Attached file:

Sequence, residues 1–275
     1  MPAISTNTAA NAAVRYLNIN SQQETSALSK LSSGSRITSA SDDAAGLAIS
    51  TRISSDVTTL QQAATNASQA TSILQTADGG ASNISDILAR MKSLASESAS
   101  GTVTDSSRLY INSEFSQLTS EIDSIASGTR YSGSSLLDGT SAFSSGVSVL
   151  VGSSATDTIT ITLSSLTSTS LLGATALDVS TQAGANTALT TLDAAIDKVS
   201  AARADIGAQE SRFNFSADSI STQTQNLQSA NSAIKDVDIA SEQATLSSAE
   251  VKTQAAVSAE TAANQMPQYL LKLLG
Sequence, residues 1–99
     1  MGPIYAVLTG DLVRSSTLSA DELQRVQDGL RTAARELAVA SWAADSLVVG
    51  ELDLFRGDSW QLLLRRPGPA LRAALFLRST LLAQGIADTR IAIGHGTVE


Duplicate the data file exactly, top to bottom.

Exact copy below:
Sequence, residues 1–275
     1  MPAISTNTAA NAAVRYLNIN SQQETSALSK LSSGSRITSA SDDAAGLAIS
    51  TRISSDVTTL QQAATNASQA TSILQTADGG ASNISDILAR MKSLASESAS
   101  GTVTDSSRLY INSEFSQLTS EIDSIASGTR YSGSSLLDGT SAFSSGVSVL
   151  VGSSATDTIT ITLSSLTSTS LLGATALDVS TQAGANTALT TLDAAIDKVS
   201  AARADIGAQE SRFNFSADSI STQTQNLQSA NSAIKDVDIA SEQATLSSAE
   251  VKTQAAVSAE TAANQMPQYL LKLLG
Sequence, residues 1–99
     1  MGPIYAVLTG DLVRSSTLSA DELQRVQDGL RTAARELAVA SWAADSLVVG
    51  ELDLFRGDSW QLLLRRPGPA LRAALFLRST LLAQGIADTR IAIGHGTVE